At the outset it may seem like the link between renewables, climate change, and insurance isn’t very strong. It could almost sound like it’s part of...
Recently news arose of a plan by Fortescue - commonly known as being one of Australia’s biggest mining companies and producers of iron ore - to bring online a 5.4GW renewable energy hub in Western Australia. The project - officially called the Uaaroo Renewable Energy Hub - will be a combination of solar and wind power, and battery storage. Fortescue intends for Uaaroo to drive down the company’s present reliance on gas and diesel. Undoubtedly any news surrounding a new renewable energy endeavour is welcome, but given Fortescue's role in fossil fuels many readers may be looking upon this development with some extra skepticism. So what does this project mean in terms of the future pursuits of Fortescue? And the ‘bigger picture’ for renewables in Australia?
Beyond Uaroo: Other Activities by Andrew Forrest and Fortescue
The Uaroo project is the latest step by Andrew ‘Twiggy’ Forrest in recent years to make his way into the eco-friendly space. In 2018 the Minderoo Foundation - co-founded by Andrew and his wife Nicola - started a ‘Flourishing Oceans’ programme with $100 million of backing, and in 2019, Forrest completed his PhD in Marine Science. Yet arguably, it’s in the areas of green hydrogen and green steel that Forrest’s most significant plans to usher in eco-change are found, given the enduring impact success in these areas would provide.
First outlined by Forrest in January of 2021, Fortescue’s plan aspires to see it be a leader in the mass-production of green hydrogen. All told, the plan would see the company bring into use more than 1000 GW of green energy. What’s more, Forrest also wants to see green steel - green because it's made using green hydrogen instead of metallurgical coal, and thus water instead of carbon dioxide remains as a byproduct at the end - developed by Fortescue, and in use by 2040.
As part of its wider ambitions in this area, Fortescue says it plans to be net zero in its own operations by 2030, and to target net zero for its customers by 2040. Undoubtedly these are bold goals, and - when considered exclusively from a green perspective - surely admirable ones. Yet what do they mean when considering Forrest and Fortescue in context?
Assessing Fortescue’s Push into Renewable Energy
Any reader of this piece who was already aware of the history of Andrew Forrest and Fortescue’s business activities could reasonably find this venture - and others like it being pursued, such as the efforts surrounding green hydrogen - to be a bit curious, and indeed ironic. After all, it’s a fact that as one of Australia’s biggest mining operations, Fortescue has been a notable contributor to the nation’s emissions. Forrest himself said in the aforementioned speech in January 2021 that Fortescue puts out over two million tonnes of greenhouse gas each year.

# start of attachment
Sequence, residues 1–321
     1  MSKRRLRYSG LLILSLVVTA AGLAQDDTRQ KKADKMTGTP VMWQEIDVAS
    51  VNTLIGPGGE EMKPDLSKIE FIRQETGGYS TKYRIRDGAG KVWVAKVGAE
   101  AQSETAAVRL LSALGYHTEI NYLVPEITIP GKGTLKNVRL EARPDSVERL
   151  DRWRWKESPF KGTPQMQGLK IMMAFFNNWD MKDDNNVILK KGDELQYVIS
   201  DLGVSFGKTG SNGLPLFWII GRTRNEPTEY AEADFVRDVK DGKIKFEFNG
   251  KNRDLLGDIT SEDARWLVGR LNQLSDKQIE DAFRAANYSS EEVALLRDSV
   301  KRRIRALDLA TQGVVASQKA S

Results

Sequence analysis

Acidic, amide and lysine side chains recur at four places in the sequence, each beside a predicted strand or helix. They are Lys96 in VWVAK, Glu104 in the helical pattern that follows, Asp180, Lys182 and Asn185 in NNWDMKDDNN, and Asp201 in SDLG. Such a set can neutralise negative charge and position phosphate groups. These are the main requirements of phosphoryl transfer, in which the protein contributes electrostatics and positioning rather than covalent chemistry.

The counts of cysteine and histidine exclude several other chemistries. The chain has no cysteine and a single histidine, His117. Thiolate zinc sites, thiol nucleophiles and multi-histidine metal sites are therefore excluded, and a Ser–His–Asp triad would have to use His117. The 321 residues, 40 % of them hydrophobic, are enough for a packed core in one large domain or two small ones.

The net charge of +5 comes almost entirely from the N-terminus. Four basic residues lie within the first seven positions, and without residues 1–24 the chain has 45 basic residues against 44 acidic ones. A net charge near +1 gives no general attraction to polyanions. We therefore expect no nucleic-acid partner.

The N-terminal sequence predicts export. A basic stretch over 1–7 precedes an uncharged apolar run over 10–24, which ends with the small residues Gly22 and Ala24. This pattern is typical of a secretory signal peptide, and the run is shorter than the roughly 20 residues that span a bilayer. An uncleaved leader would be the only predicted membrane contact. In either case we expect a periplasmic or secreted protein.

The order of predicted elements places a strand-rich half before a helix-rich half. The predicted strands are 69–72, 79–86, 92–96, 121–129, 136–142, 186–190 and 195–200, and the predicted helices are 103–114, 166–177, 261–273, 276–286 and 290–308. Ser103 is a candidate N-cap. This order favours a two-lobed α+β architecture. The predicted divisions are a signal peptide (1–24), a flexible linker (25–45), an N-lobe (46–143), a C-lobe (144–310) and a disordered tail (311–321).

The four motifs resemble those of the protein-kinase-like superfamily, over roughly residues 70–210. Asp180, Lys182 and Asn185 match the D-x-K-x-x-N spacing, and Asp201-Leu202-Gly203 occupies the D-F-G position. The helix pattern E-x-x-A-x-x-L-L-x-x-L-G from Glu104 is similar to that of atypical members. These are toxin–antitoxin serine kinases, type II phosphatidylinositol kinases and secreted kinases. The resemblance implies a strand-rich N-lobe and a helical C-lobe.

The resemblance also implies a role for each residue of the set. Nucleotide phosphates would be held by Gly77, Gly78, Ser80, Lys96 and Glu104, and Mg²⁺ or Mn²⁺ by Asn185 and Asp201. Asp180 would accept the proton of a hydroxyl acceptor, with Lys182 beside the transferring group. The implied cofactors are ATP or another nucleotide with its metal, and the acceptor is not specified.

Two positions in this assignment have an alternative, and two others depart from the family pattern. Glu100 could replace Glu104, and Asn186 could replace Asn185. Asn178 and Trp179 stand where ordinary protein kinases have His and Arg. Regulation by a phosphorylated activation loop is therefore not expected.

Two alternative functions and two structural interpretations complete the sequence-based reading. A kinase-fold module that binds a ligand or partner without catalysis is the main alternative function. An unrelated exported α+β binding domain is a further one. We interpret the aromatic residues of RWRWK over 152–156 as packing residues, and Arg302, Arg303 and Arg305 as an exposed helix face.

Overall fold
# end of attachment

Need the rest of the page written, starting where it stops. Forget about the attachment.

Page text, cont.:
In turn, it’s no secret to say there are many Australians who remain unhappy with the pace in which action on climate change is occurring. Certainly, everyone has a right to their own view, and there’s no doubt that essentially everyone with a passion for renewable energy and sustainability would like to see progress occur faster than it is currently.
But it’s also surely necessary to recognise in this dynamic that there will be energy businesses who were once polluters making the change to being clean and green operations. In turn, there can be no doubting that Forrest and Fortescue can bring to the table some serious capital and capacity to get significant things done in this space, in addition to having some notable Australian figures in its ranks such as former prime minister Malcolm Turnbull, who is now chairperson of Fortescue Future Industries (FFI).
On this basis, just as it's fair for those who are keen on Oz going green to continue to critique Fortescue and the national mining industry where they identify issues, so too is there a case to be made that any steps forward in the green space should be acknowledged. It’s on this basis that a discussion of Uaroo and related projects in the Fortescue universe has occurred here.
Leading Lights Across the Land
While the Fortescue projects discussed here will certainly continue to command headlines when it comes to their renewable energy endeavours, there are also no small amount of other ambitious projects that’ve been announced prior, and aspire to help turn Australia into a renewable energy superpower. In turn, though the aforementioned projects detailed here are certainly sizeable, it’s important to also remember that little actions can make a big difference too.
This certainly applies to the many positive changes that can easily be made around a typical Aussie household, and especially with a rooftop solar system at its core. The installation of a new quality rooftop solar system can make a small but notable difference in helping drive up Australia’s renewable capacity, its clean and green credentials, and ultimately our ability to successfully stop climate change in future. Yes, that’s certainly a big challenge - and would be a huge achievement! - but every little bit really adds up!
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